It’s always interesting when two car companies disagree with each other, but it’s even more interesting when it’s Toyota and Honda, Japan’s biggest manufacturers.
Whilst Toyota has been stealing the limelight with its gorgeous new Lexus LFA, a two-seater supercar that’s powered by an incredible 4.8-litre V10 engine, Honda seems to think that’s old fashioned technology.
The LFA can reach 325 km per hour and do the 0-100 kph in just 3.7 seconds. According to Toyota’s new boss, Akio Toyoda (great grandson of the company’s founder), cars like the LFA are critical for cars to remain a product that consumers can get excited about, and we couldn’t agree more.
“It’s our mission as automakers to offer cars that possess the ‘fun’ spirit that should be at the base of any car,” Toyota President Akio Toyoda said.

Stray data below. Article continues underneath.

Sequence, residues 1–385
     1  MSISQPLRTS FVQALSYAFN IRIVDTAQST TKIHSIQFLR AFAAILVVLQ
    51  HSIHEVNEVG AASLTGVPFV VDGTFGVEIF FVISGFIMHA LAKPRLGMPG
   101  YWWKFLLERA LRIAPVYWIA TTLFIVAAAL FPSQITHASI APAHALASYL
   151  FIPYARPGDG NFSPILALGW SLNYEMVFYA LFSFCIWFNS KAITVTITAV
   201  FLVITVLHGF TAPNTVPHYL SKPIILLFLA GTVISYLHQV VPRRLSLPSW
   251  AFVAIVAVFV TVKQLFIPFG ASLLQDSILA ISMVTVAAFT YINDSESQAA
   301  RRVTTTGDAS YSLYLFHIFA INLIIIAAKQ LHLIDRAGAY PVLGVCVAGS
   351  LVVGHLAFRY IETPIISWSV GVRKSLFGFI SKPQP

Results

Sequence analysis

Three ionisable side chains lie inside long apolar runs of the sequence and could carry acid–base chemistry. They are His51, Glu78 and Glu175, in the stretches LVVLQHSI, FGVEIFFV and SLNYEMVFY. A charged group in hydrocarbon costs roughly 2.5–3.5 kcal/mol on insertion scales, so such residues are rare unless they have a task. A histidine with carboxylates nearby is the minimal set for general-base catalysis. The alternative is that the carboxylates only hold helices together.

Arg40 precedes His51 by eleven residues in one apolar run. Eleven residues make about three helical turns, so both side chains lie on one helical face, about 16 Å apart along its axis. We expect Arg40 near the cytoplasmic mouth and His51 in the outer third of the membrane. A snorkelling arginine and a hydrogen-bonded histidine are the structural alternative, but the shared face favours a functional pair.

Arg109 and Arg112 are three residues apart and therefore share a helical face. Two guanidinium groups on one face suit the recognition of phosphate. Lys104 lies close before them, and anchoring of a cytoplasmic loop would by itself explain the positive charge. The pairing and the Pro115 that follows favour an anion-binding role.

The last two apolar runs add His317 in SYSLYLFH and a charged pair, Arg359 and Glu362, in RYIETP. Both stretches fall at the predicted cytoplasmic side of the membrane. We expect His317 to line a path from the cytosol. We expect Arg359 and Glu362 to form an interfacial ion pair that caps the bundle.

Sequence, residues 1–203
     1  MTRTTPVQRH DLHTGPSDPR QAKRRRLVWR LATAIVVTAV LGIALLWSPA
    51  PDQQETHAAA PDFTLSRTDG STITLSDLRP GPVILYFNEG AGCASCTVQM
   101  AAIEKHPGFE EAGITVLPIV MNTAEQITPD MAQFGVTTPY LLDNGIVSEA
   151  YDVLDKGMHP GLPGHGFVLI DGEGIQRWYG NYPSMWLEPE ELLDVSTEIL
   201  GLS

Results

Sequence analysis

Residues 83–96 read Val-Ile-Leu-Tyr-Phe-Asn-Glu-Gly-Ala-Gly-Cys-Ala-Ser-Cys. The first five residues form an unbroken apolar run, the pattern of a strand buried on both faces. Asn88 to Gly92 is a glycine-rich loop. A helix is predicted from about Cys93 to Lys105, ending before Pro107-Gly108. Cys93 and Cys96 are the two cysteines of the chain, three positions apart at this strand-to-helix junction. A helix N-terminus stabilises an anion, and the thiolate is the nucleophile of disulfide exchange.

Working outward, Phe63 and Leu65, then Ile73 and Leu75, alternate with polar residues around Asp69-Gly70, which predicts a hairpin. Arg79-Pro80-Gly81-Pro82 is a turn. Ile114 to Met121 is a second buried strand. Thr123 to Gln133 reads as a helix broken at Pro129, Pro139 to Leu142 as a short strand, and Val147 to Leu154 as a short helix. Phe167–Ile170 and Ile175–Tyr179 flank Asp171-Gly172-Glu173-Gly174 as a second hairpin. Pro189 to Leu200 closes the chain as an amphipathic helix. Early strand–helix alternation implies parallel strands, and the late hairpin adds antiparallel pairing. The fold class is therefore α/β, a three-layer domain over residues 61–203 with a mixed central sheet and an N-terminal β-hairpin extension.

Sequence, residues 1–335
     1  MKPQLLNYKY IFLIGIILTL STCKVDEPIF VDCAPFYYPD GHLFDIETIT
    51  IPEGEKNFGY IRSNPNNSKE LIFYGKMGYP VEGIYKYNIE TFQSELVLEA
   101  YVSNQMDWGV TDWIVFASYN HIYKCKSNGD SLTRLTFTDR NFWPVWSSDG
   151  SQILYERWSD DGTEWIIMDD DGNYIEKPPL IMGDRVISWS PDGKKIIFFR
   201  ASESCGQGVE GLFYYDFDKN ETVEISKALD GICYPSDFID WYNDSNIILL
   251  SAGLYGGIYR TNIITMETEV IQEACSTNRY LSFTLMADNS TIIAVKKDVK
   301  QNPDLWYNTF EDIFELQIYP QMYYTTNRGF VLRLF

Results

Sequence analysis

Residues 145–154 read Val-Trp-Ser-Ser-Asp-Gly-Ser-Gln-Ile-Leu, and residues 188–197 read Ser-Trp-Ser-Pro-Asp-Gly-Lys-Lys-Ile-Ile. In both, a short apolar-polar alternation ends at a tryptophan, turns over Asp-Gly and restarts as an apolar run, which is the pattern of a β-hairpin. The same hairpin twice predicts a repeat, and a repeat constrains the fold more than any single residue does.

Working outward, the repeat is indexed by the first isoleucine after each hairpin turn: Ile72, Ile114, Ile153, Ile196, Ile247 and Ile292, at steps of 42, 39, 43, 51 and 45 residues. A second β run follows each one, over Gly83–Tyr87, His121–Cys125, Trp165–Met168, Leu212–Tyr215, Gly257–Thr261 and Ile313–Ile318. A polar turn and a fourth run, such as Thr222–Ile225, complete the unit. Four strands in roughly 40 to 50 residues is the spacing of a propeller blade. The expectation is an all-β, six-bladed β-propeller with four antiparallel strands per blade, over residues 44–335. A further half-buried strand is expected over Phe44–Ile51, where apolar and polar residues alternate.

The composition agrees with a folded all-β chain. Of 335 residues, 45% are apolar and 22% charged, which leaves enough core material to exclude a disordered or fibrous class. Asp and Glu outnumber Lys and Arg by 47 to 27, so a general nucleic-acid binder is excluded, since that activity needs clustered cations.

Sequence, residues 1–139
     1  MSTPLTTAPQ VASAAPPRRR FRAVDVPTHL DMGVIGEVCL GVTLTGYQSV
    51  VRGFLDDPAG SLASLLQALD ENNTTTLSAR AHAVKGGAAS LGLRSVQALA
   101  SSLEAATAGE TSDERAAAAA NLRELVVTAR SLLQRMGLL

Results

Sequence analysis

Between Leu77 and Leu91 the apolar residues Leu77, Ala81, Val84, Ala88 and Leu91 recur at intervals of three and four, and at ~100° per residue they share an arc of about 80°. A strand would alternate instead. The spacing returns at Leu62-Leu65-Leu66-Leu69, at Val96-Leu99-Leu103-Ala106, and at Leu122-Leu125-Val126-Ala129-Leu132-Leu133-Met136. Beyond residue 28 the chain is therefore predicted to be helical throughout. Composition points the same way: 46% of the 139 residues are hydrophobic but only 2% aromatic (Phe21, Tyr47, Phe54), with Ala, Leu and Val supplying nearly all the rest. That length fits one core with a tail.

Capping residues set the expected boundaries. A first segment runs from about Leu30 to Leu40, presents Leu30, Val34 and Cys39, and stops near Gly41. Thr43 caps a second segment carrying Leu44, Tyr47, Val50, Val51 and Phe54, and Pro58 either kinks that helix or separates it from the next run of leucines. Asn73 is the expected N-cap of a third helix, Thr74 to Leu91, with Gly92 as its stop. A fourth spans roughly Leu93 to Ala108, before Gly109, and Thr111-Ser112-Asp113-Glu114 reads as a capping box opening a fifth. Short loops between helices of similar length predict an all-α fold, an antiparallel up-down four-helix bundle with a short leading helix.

Honda on the other hand thinks the LFA is a bit old-fashioned. Honda boss Takanobu Ito says the future of cars must now be primarily about clean, sustainable cars, and sports cars are no exception.
“Sure, there are folks who like that ‘vroom’ of the engine out of nostalgia,” Ito told Reuters earlier this month. “But those people are stuck in the past.”
Honda, which is best known in the supercar world for the legendary Honda NSX, cancelled the model’s revival project last year amid the global financial crisis. The planned NSX was rather similar to the LFA, making use of a V10 engine. According to Ito “the era of V10 engines is gone”.
Of course Honda doesn’t think sports cars are unnecessary, quite the contrary, Ito believes the next generation Honda sports could look like: a zero-emission fuel-cell car like Honda’s FCX Clarity.
“It’s light because it’s not weighed down by a ton of batteries, when you weigh a car down like that, it undermines the characteristics of a sports car. But if you have a light car like the FCX Clarity that’s powered by a motor, you get maximum torque from a zero start and acceleration is incredible. In a way, that’s a sports car.” Ito said, referring to Tesla Motors.
Is the V10 era over? We certainly don’t think so, what are your thoughts on the future of Honda sports cars?